There’s many ways to set up a new business. Knowing and understanding what steps are needed will help you to be more successful.
Lets start at ground level, to make sure you get your planning off on the right foot.
You have your name and home service industry mapped out but have you checked to see if the name is already trademarked? Did you check to see if your company name is available? Are you going to register the company as an LLC, DBA or an S Corporation?
Before you set your service pricing, you need to know your costs. There are fixed overhead expenses, such as rent which remain consistent each month. Than you have variable expenses which depend on the direct sale of products sold or services performed. There are also variable costs that you can control such as credit card processing fees.
There are tools to help you understand these costs and ways to save on them plus so much more.
Determining what kind of company to set up – LLC, DBA or an S Corporation.
Do you have partners or starting the business by yourself; either way forming an LLC will insure sure you’re personally off the hook for business liabilities.
- Max flexibility to manage and run your business
- Board of directors not required
- Unlimited owners allowed
Protections & taxation
- You’re not personally on the hook for business liabilities
- Taxed once or twice; you’re free to choose which can help minimize taxes
- Ongoing fees and filings to stay in compliance
- Cannot go public with a LLCs
- Not recognized globally and you may be taxed as a corporation outside the US
DBA stands for “doing business as” is a way of giving a business a name different from its registered name. While it doesn’t provide the protections other legal business entities do, a unique DBA name can help brand your company.
- East to set up
Protections & taxation
- You’re personally on the hook for business liabilities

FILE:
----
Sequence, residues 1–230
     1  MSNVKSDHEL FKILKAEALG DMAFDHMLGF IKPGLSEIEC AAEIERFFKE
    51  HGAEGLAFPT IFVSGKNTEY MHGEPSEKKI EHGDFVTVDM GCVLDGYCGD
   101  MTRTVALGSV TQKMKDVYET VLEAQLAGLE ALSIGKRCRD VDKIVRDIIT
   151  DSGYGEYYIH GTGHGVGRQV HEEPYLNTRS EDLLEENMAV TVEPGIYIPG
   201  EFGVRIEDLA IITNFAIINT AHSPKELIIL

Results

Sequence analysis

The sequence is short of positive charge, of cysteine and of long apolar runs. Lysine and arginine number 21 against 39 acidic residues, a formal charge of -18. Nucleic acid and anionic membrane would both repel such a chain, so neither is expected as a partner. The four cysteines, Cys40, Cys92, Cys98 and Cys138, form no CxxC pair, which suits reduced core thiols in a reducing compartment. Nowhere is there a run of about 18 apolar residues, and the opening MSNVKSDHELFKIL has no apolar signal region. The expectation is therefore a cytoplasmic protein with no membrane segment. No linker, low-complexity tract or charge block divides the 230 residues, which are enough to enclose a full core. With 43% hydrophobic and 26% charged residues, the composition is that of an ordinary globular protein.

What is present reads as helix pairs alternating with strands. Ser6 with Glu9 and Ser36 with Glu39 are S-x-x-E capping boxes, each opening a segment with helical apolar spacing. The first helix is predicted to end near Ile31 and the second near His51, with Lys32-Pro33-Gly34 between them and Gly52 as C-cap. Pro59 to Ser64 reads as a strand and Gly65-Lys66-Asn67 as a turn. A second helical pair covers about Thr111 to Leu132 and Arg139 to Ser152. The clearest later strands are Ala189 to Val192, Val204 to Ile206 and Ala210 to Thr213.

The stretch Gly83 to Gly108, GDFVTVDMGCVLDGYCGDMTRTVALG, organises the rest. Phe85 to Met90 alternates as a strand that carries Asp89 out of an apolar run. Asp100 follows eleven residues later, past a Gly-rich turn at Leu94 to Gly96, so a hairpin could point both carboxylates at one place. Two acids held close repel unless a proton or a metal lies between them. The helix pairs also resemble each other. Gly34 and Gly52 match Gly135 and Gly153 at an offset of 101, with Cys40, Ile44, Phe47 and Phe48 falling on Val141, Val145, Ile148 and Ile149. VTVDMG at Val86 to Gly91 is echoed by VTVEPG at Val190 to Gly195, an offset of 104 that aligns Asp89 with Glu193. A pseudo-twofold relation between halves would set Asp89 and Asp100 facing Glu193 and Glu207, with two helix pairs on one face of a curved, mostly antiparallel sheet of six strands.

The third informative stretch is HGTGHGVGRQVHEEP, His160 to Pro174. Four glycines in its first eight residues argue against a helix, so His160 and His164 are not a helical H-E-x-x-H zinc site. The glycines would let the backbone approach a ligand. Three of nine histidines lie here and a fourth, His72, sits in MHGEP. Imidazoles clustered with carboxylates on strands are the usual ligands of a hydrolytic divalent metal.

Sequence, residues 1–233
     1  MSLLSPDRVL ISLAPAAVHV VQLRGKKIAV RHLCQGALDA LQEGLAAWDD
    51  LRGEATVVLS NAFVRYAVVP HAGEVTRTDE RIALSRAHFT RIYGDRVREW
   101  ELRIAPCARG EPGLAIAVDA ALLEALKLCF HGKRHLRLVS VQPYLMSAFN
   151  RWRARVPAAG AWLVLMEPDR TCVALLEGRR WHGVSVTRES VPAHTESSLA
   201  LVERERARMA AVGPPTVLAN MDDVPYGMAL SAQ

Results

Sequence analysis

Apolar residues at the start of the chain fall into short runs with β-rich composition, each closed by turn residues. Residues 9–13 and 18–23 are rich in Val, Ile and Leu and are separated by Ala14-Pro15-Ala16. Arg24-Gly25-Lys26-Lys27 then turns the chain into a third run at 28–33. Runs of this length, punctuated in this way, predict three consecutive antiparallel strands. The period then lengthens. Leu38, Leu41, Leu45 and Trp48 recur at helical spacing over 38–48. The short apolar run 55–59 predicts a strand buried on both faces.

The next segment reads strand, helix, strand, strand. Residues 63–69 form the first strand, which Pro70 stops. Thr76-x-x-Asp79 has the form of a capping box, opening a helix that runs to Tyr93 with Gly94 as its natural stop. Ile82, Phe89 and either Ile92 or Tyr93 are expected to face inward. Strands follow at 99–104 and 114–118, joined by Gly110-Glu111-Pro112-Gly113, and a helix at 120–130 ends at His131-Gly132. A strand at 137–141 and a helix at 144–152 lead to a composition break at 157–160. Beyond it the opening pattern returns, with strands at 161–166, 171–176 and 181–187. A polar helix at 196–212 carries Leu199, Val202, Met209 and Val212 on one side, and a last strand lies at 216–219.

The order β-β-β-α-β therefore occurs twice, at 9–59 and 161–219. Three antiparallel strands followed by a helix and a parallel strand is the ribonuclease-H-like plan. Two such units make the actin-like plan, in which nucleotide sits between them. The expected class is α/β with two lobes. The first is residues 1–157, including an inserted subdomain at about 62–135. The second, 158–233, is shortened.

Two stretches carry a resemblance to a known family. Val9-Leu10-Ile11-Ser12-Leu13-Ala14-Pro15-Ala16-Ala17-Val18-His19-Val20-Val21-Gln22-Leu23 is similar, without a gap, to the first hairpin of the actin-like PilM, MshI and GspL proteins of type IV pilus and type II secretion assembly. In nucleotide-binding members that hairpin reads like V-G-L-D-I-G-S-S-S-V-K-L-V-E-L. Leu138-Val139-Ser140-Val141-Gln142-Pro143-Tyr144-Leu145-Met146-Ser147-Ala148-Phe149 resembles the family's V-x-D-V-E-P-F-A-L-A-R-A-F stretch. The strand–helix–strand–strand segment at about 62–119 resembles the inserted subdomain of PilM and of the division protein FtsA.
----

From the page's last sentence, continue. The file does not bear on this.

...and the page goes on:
- Taxed just once if your business is classified as a sole proprietorship or partnership—you pay on profits in your personal tax return
- No personal liability protection
- Not an actual legal entity type
Corporation either S or C corp are recommended if you plan to issue shares, go public or even go global.
- Best if you plan to go public one day; can issue shares to founders, employees, and investors
- Unlimited owners/shareholders allowed
- Owners may get preferred stock
- Recognized internationally
- Preferred by investors
- Protections & taxation
- You’re not personally responsible for business liabilities
- Taxed twice if it’s a C corporation—business pays at the corporate level and shareholders pay on income they receive
- Avoids double taxation if it’s an S corporation
Drawbacks to consider
- Ongoing filings and fees to stay in compliance
- Less management flexibility
- Requires a board of directors
- Strict rules about holding meetings and record keeping
Calculating the cost of starting a business
A business plan is the best way to estimate your business startup costs. The plan should include a financial projections section to estimate revenue, profit and expenses.